Good packaging design takes real people operating in typical real-life situations into account. Even if the product is fantastic, if the packaging doesn’t work, then the brand will very likely lose customers, and the company’s reputation will be damaged.
While offering no guarantees in terms of design success, a new international standard, ISO 17480: 2015: Packaging – Accessible design – Ease of opening, released in March this year, offers guidelines for developers, designers, and those evaluating packaging. These guidelines are in the form of both requirements and recommendations for ensuring that packaging design is accessible to end-users, and that it focuses on ease of opening. Design aspects that are taken into account in terms of “openability” include:
- The opening location, and
- Opening methods.
User-based and instrumental evaluation techniques are also provided as part of the standard.
The new ISO standard also includes a checklist of the various performance characteristics packaging should have to be compliant with the standard. These include:
- Opening pull forces
- Color contrast to ensure optimal readability of labels and their instructions
Torque and Opening Pull Forces
It is certainly true that packaging design impacts on functionality. Potentially it also has a huge effect on the end-user’s perception of the product. So if a person finds it difficult to open packaging – be it a cold cut tray, screw cap, or a pull ring – this is very likely to put them off buying the product, and possibly also other products linked to the brand.
When choosing the right packaging design for your products, the possibilities for transfer of force must be taken into account.
A simple example relates to cold cut trays. Intriguingly, researchers have found that by just increasing the flap size on this type of packaging from 1 cm x 1 cm to 2 cm x 2 cm allows a better finger grip, and effectively gives the finger double the operating strength, making it much easier to open.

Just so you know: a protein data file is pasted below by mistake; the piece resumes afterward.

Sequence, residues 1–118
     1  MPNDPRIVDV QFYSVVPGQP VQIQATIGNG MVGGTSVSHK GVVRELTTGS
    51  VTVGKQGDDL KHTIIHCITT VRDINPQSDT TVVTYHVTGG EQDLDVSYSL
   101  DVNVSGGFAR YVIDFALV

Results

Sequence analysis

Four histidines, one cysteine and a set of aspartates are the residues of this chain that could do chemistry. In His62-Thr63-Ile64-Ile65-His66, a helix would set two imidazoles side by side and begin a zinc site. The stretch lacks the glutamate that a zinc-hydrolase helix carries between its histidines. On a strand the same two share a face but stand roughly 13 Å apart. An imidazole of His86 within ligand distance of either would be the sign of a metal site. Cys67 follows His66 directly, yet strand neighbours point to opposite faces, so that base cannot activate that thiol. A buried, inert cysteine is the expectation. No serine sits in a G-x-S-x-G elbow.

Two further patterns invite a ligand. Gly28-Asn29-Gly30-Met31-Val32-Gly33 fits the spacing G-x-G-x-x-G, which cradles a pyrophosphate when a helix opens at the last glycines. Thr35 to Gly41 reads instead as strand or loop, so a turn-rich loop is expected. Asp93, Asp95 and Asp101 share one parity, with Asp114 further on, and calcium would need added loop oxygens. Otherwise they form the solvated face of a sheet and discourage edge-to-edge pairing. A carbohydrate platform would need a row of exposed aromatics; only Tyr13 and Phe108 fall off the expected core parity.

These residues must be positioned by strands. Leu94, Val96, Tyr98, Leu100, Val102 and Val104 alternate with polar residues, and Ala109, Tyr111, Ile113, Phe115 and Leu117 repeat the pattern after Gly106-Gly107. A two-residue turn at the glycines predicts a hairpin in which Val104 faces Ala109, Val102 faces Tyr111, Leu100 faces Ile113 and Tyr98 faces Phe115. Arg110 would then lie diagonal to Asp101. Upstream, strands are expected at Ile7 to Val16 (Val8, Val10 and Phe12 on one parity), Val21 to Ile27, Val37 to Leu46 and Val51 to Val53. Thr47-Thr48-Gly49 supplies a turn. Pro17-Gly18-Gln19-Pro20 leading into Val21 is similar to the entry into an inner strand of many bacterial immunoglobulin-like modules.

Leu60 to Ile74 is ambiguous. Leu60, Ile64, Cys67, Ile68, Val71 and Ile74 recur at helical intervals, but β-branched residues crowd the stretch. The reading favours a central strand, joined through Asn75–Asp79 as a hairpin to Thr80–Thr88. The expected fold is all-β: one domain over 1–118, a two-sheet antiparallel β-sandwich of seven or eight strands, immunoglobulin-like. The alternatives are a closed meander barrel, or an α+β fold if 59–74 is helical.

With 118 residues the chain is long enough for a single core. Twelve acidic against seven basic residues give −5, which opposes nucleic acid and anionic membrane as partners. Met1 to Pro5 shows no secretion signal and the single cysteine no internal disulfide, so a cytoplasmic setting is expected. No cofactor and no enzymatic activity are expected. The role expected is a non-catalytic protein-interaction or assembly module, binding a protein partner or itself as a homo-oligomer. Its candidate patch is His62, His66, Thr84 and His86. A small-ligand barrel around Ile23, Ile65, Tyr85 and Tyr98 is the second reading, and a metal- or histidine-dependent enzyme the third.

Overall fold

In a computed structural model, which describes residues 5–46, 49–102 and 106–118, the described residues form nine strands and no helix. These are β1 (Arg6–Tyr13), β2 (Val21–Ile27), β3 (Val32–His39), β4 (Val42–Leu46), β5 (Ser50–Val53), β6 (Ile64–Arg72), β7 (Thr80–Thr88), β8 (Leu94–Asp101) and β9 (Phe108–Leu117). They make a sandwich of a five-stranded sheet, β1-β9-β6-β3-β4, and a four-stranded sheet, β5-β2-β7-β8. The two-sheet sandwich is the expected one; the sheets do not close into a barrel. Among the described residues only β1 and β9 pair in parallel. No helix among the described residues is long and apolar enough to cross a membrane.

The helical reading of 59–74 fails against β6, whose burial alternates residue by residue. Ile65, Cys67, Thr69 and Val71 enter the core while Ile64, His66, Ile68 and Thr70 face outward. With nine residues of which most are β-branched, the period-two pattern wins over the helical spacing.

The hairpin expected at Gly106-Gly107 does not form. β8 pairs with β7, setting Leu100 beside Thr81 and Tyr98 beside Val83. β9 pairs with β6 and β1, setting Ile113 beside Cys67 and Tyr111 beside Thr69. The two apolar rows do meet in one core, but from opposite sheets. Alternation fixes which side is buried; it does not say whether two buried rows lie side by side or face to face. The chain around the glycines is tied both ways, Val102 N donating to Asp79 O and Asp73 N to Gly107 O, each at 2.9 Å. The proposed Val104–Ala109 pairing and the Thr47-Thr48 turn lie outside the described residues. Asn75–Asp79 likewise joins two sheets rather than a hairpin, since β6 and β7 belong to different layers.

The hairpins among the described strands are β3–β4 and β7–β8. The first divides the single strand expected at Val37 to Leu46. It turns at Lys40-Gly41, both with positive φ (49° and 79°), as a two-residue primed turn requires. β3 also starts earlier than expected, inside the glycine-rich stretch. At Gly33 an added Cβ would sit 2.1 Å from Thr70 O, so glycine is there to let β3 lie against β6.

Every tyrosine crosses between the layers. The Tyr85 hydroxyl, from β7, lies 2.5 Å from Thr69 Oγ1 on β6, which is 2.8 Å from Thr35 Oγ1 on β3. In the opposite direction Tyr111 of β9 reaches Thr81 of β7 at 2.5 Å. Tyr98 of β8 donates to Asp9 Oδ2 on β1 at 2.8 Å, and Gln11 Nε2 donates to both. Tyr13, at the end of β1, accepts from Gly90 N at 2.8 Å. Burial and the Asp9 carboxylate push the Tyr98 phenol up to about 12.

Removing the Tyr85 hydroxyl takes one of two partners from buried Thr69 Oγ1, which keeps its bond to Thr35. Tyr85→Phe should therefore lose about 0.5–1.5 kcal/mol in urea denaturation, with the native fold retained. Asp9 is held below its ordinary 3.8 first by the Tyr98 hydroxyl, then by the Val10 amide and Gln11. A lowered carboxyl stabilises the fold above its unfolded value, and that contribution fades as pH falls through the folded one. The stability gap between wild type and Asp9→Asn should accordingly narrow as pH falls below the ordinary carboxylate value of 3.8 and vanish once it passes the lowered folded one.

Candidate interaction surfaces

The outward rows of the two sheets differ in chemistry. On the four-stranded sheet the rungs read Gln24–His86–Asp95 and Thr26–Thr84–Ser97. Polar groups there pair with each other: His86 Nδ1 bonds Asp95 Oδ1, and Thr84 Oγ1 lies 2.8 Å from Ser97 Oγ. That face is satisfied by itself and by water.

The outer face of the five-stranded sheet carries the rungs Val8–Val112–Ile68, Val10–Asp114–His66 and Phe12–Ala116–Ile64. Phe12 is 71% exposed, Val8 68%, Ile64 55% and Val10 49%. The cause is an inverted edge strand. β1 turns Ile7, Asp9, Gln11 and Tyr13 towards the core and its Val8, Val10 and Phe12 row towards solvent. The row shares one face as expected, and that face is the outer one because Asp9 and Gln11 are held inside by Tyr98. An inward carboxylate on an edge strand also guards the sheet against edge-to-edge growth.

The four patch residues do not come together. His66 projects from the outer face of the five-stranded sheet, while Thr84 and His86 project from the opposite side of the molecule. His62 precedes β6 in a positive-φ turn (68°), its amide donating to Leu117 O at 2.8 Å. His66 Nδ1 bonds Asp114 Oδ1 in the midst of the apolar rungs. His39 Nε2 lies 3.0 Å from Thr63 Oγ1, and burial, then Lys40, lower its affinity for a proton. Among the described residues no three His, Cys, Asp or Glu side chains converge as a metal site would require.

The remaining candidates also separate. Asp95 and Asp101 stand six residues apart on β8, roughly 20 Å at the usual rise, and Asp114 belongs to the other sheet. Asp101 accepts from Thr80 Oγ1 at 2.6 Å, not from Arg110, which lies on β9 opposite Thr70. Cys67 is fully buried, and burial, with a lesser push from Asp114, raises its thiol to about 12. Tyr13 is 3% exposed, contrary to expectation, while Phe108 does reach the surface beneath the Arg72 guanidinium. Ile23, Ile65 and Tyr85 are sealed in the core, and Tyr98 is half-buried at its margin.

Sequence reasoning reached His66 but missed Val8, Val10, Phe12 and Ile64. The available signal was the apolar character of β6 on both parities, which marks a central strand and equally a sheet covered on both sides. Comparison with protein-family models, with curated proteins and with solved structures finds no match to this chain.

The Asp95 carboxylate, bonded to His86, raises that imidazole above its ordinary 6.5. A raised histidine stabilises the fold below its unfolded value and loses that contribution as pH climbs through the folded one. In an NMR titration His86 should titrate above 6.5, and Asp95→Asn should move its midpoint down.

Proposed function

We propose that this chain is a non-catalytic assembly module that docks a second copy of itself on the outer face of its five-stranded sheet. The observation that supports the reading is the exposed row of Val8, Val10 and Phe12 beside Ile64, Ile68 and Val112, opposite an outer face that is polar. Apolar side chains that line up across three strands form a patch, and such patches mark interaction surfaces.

When it comes to screw tops, the user has to be able to grip sufficiently hard to create the friction force required to turn the cap at the same time. If the packaging itself is too flexible, the pressure required might push it out of shape, and more force will be needed. If this is the case, the designer will need to change the design and/or use a different packaging material.
The size of screw tops is also important as the larger the diameter of the top, the more torque or force will be required to open it.
Heavy packaging and types that need strength to open (like pull rings in tins and cans) can also put people off.
What Research Tells Us in Terms of Good Packaging Design
Market research speaks volumes in terms of what consumers want from packaging. A household-care packaging trends survey undertaken by Mintel recently shows that consumers want packaging that is easy to use – and it isn’t age or consumer-group related. For instance, in the survey, one-hand and no-hand dispensers for products got a big thumbs-up from younger consumers in the 18- to 34-year-old age bracket as well as households with three or more people. Older consumers (above 55) and people living alone or with one other person were the least enthusiastic. Ultimately those who like this packaging idea were people who appreciate a focus on packaging solutions that are likely to ease and simplify household routines.
Mintel’s 2015 research also tells us that in spite of the specifications in ISO 17480: 2015 that require labeling to be readable, consumers are no longer that interested in food labels, and the impact of food labels in general appears to be waning. While nutrition panels on labels do influence consumers, they say they would like these to be more informative.
The key is to identify possible end users and their needs before finalizing the packaging designs for your products.
For assistance in packaging design and manufacture, call the friendly specialists at Technik Packaging.